Years ago detasseling corn was a common summer job for teenagers in our county especially since DeKalb was home to DEKALB seed corn and there were several fields of seed corn grown locally.
Then, most of the corn tassels were removed by hand. Today, machines remove most of the tassel, the pollen-producing flowers from the top of the corn plant. Laborers walk the fields to remove tassels which machines miss.
Why detassel corn?
Detasseling is a form of pollination control. The purpose of detasseling is to cross-breed or hybridize two different varieties of field corn.
Farmers get their seed from companies that cross pollinate corn to create hybrids with beneficial traits like drought tolerant and disease resistant.
How is detasseling done?
Every corn plant is both male and female. The male part of the corn is the tassel, and the female is silk. The tassel will self-pollinate the silk during growth.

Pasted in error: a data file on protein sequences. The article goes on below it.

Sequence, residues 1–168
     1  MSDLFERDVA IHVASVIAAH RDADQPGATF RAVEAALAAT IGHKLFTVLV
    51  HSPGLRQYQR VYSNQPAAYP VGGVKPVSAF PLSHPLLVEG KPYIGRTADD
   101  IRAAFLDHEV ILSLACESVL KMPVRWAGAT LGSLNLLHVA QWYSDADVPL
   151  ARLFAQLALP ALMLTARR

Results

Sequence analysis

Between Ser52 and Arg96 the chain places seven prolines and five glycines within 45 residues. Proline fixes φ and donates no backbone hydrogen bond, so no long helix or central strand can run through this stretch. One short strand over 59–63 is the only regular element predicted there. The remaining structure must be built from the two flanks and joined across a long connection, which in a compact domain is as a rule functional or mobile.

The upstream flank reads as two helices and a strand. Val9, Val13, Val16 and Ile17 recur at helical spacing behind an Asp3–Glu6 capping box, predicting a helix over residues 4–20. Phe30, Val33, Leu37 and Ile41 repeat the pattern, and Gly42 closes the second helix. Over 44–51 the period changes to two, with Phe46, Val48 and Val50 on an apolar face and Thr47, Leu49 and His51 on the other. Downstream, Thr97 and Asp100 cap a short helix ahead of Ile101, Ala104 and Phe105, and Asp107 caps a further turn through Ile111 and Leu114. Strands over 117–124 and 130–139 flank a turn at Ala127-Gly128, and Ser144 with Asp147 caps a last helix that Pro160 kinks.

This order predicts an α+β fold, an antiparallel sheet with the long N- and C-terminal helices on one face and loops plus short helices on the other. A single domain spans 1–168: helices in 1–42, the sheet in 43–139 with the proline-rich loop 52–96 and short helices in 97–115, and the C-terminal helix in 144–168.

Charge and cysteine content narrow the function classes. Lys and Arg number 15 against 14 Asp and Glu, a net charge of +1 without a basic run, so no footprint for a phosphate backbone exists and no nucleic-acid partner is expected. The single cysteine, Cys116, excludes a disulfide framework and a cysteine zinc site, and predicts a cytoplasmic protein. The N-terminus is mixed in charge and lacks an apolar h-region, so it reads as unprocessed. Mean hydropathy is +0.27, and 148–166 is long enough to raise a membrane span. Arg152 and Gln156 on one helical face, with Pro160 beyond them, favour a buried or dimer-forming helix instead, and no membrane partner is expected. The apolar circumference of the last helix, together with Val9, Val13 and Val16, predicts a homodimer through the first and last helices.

Seed companies detassel corn plants in one location to ensure that another corn plant pollinates that ear.
Corn grown for seed is typically detasseled in rows of four, with one row left with tassels to pollinate the four female rows. Only the female corn grown is harvested for seed.
Detasseling typically occurs in July in seed corn fields in this area.
Detasseling machines remove about 85 – 90% of the tassels in a field. Manual labor is then needed to finish the field.
Tassels are removed by people grasping the base of the tassel, breaking it, then pulling it from the top of the corn plant.
Photos courtesy of Bayer Crop Science